UK Campaign to Stop Killer Robots writes to Defence Secretary on the UK’s approach to LAWS

Guardian report of Gen Sir Nick Carter’s comments on UK’s increasing use of autonomous and remotely controlled machines.

As members of the UK Campaign to Stop Killer Robots, Drone Wars and a number of other UK civil society groups have written to Secretary of State Ben Wallace on the UK’s position on the development of Lethal Autonomous Weapon Systems partly in response to recent comments by the Chief of the Defence Staff.

Dear Secretary of State,

We are writing on behalf of the UK Campaign to Stop Killer Robots, in advance of the next meeting of the Group of Governmental Experts (GGE) on ‘Lethal Autonomous Weapons Systems’ (LAWS) at the Convention on Certain Conventional Weapons (CCW), as well as the CCW’s meeting of High Contracting Parties. We welcome the UK government’s recognition in the CCW that discussing human control is central to successful international work to address increasing ‘autonomy’ in weapons systems, and that this is an area in which meaningful progress can be made.[1]  Read more

XLUUVs, Swarms, and STARTLE: New developments in the UK’s military autonomous systems

Behind the scenes, the UK is developing a range of military autonomous systems. Image: Crown Copyright

In November 2018 Drone Wars UK published ‘Off The Leash’, an in-depth research report outlining how the Ministry of Defence (MoD) was actively supporting research into technology to support the development of armed autonomous drones despite the government’s public claims that it “does not possess fully autonomous weapons and has no intention of developing them”.  This article provides an update on developments which have taken place in this field since our report was published, looking both at specific technology projects as well as developments on the UK’s policy position on Lethal Autonomous Weapons Systems (LAWS). Read more

Off the Leash: How the UK is developing the technology to build armed autonomous drones

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A new report published by Drone Wars UK reveals that, despite a UK government statement that it “does not possess fully autonomous weapons and has no intention of developing them”, the Ministry of Defence (MoD) is actively funding research into technology supporting the development of armed autonomous drones.

Our study, Off the Leash: The Development of Autonomous Military Drones in the UK, identifies the key technologies influencing the development of future armed drones and looks at current initiatives which are under way in the UK to marry developments in autonomy – the ability of a machine to operate with limited, or even no, human control – with military drone technology. The report maps out the agencies, laboratories, and contractors undertaking research into drones and autonomous weapon technology in support of the Ministry of Defence, examines the risks arising from the weaponisation of such technologies, and assesses government policy in this area. Read more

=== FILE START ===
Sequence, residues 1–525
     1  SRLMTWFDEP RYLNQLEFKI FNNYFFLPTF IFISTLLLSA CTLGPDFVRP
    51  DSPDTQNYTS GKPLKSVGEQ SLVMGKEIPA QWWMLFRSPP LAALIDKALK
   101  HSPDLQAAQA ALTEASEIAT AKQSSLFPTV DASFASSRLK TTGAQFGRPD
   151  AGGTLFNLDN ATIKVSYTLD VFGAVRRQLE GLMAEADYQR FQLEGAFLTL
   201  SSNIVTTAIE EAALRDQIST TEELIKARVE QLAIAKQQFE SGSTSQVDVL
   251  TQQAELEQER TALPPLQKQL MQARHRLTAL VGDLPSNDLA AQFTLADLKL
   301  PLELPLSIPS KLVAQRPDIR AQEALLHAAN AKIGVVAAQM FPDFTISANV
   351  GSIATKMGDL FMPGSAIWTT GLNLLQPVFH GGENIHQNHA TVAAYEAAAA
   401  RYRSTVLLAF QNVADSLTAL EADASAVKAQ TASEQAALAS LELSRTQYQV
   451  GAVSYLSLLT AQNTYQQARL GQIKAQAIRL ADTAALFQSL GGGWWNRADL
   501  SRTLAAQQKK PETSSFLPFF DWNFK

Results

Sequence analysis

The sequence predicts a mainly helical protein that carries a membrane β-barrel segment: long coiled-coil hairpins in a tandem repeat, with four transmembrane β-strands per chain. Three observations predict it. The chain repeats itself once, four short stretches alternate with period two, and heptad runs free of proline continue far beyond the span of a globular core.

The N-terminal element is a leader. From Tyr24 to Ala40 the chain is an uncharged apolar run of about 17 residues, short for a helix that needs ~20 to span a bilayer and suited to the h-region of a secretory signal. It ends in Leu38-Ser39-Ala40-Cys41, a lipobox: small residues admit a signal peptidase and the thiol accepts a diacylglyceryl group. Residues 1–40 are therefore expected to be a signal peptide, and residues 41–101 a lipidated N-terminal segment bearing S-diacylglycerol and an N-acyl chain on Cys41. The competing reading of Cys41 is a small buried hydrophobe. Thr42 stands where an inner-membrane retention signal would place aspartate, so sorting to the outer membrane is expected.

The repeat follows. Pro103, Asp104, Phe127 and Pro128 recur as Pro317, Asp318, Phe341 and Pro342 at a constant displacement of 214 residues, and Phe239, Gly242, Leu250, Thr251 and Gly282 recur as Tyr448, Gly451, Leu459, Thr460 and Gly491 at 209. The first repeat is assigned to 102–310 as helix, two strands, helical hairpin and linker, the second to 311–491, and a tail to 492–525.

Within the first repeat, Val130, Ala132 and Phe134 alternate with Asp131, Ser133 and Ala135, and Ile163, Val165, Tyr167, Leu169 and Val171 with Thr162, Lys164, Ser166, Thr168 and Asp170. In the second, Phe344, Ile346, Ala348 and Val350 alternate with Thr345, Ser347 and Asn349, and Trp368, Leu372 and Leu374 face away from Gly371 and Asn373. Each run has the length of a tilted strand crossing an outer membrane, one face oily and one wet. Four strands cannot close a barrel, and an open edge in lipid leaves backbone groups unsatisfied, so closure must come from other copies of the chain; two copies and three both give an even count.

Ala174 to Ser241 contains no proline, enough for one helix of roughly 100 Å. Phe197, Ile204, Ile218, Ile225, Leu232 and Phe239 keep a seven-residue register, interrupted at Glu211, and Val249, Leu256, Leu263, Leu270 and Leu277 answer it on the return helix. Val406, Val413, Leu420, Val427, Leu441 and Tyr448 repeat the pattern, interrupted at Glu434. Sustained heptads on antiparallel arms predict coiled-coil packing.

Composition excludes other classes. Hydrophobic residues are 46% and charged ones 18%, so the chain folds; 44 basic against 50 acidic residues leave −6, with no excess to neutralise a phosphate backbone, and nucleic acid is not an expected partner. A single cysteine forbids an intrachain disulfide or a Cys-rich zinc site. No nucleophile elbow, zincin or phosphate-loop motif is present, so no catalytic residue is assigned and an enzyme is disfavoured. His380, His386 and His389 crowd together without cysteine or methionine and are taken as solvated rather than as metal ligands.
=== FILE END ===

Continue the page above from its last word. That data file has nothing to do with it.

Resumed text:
Three-month snapshot shows expanding use of armed drones

Over the past few years States, international organisations and civil society groups have expressed concern about the increasing proliferation and use of armed drones.  To illustrate what is happening, Drone Wars has compiled details of the use of armed drones in the first three months of 2018.  Due to both the lack of transparency by operators and the difficulty of reporting strikes from the remote locations where they often occur, this survey is undoubtedly incomplete.  In addition the fact that multiple nations are operating armed drones to launch strikes against differing groups in Syria (US, UK, Israel, Turkey and Iran)  and Yemen (US, UAE and Saudi Arabia) makes attribution and accountability for strikes there almost impossible.  Nevertheless this short survey (1 Jan 2018 – 31 March 2018) gives something of an insight into the use of armed drones by multiple operators to launch strikes in multiple countries. Read more

More on legal action over US drone strikes

On both sides of the Atlantic, legal challenges related to US drone use are about to hit the courts.

Tomorrow the American Civil Liberties Union (ACLU) will take the CIA to court for refusing to comply with a Freedom of Information request for copies of documents related to the CIA’s drone strike programme.

The CIA has refused to comply with the FoIA request on the grounds that it is forbidden to talk about the secretive programme.  The ACLU say that the CIA cannot on the one hand refuse documents on the grounds of secrecy while at the very same time regularly give  briefings about its drone strikes.    Jameel Jaffer, the deputy legal director of the ACLU told the Guardian: Read more

British citizen killed by drone strike as Pakistan opposition to drones increases

As reports are coming in that a British citizen has been killed by an America drone strike in Pakistan, the New America Foundation and Terror Free Tomorrow have conducted the first comprehensive public opinion survey covering sensitive military and political issues in the Federally Administered Tribal Areas (FATA) of Pakistan. 

According to the survey, more than three-quarters of FATA residents oppose American drone strikes. Indeed, only 16 percent think these strikes accurately target militants; 48 percent think they largely kill civilians and another 33 percent feel they kill both civilians and militants.

This latest survey contradicts an earlier survey, reported by the BBC, by the Ariana Institute in Islamabad which suggested that 80% of FATA residents felt that drone strike were accurate.

No doubt we will hear a lot more on these two stories